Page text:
Will Your Life Insurance Policy Be a Blessing or a Curse in Retirement?
By Alan Olsen
There are several ways to save for retirement. The most obvious path is to start an individual retirement account (IRA) or 401(k) and begin saving money every time you earn a paycheck. However, there are other effective ways to save for retirement. Many people invest in the stock market, or other assets, and others use their life insurance policies.
Insurance for Life
That’s right. There are certain types of insurance policies that can pay dividends in retirement. However, you have to be careful, because they could also hurt you. It starts with a whole life, or permanent, insurance policy. Term life policies are different in that they only last for a preset amount of time. When the term runs out so does the policy. Permanent life insurance lasts as long as you do, so long as you keep paying the premiums. Additionally, the death benefit is usually paid tax-free.
There is another benefit to permanent life insurance policies. They also include a cash value savings account. These accounts can grow in several ways, depending on the policy you choose: whole life, universal life, or variable life. Each has its own pros and cons. But all can be used to help save you on taxes and give you a nice cash cushion in your golden years. You can do this in the form of a loan.
Using Your Policy for a Loan
There are plenty of reasons to borrow from your permanent life insurance policy and use it as an emergency fund. Let’s say you want to use some of the cash from your policy. You can take as much of the fund that you originally invested tax-free. However, if you take out any earnings from the policy it will likely be subject to taxes. On the other hand, borrowing from your policy in the form of a loan is also tax-free. When doing this, you use the policy as collateral and you get take a tax-free loan from the cash value.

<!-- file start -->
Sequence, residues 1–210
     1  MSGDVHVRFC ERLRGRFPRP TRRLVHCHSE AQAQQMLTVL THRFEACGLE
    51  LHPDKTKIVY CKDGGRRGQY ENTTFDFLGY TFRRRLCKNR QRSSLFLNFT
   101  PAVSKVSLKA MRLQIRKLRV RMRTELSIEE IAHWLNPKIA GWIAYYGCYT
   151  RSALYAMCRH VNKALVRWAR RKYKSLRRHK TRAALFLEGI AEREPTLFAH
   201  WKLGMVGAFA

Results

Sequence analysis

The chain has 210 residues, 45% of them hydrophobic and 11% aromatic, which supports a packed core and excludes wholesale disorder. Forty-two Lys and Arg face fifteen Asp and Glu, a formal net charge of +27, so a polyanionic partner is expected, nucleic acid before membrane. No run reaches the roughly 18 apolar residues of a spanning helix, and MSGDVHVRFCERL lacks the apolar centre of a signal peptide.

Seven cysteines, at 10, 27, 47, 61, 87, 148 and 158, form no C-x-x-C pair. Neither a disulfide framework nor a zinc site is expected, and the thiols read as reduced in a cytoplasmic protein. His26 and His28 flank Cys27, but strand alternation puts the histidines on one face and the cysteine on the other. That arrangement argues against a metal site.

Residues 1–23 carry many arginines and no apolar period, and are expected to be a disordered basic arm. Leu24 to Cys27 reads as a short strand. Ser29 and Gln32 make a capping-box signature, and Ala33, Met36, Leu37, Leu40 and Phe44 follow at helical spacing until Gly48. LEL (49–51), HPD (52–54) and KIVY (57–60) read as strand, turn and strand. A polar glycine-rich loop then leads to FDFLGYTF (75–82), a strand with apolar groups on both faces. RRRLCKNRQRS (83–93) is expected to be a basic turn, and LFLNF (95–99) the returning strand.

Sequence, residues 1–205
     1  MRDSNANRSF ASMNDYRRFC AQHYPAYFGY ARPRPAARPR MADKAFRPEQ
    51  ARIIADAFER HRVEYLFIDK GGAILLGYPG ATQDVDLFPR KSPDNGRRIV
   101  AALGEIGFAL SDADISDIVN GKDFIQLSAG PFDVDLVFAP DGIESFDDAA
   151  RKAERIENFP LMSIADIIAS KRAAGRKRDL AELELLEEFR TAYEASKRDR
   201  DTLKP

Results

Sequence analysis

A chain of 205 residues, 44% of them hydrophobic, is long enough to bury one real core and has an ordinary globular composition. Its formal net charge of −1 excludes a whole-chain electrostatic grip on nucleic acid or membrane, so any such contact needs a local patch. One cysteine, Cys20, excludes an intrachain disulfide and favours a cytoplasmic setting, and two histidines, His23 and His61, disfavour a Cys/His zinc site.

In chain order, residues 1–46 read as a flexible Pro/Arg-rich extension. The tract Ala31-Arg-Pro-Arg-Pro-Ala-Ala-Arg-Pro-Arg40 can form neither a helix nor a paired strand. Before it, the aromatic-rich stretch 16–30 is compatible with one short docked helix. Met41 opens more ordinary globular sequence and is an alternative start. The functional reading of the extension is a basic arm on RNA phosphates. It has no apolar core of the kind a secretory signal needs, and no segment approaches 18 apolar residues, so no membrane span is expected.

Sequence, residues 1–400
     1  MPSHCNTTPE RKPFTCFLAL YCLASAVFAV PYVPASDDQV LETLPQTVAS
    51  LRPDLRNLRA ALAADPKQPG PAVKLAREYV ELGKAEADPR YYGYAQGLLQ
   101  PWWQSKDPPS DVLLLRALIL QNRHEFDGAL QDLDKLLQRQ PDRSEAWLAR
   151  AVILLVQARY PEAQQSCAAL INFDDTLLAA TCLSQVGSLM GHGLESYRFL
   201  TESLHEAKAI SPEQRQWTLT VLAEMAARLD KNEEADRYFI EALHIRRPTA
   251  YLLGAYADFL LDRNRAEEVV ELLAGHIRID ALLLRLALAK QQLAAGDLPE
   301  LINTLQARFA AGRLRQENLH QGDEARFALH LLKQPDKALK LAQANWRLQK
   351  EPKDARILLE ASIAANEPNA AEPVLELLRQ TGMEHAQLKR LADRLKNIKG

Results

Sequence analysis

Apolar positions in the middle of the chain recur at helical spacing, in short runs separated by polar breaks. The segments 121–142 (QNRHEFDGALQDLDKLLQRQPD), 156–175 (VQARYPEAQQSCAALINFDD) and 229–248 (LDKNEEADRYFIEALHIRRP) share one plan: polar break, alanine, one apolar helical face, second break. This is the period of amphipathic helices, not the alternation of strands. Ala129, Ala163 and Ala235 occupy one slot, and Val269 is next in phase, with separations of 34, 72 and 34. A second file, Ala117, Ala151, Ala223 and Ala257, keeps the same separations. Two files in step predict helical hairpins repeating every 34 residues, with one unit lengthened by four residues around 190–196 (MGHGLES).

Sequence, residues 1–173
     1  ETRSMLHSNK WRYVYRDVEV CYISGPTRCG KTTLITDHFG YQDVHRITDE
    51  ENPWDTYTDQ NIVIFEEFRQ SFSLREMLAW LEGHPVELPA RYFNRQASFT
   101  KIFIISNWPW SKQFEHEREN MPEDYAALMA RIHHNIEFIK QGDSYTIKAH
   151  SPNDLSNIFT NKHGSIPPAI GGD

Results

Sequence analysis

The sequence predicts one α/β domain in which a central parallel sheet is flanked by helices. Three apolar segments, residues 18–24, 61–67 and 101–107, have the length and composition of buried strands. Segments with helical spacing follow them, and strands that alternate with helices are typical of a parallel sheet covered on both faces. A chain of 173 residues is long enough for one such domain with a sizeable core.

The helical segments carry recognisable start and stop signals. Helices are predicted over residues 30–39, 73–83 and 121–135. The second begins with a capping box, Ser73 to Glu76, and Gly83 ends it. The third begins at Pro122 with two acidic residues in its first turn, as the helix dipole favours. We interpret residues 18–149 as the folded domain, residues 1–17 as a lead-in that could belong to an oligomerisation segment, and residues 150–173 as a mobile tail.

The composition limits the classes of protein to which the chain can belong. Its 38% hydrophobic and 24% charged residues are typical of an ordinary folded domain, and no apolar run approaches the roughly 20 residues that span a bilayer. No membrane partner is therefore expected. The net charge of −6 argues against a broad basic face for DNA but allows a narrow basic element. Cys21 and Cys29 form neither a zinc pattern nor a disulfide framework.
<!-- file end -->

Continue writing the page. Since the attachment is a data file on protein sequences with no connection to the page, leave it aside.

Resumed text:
Tax-Free Emergency Fund
This method probably shouldn’t be used as a primary investment strategy, but it is a great way to setup an emergency fund for something unexpected. Additionally, the repayment interest rate is generally low, especially when compared with the 10 percent plus interest rate you will likely find on a three-year personal loan. And using a credit card, which usually comes with a 17 percent interest rate or higher, is even worse. So using your life insurance policy as a way to borrow money can be very beneficial in retirement. Especially when something unexpected occurs.
There are some potential pitfalls to this strategy. Borrowing from our insurance policy can be a problem if you do it too often without paying back the loans. So be cautious not to borrow more than you can afford to pay back. Likewise, if you end up in this situation and you can’t pay your premiums, your policy will lapse and you will be stuck with a tax bill. The safest way to use a permanent life insurance policy is to make it one part of your overall retirement plan, and not the main source.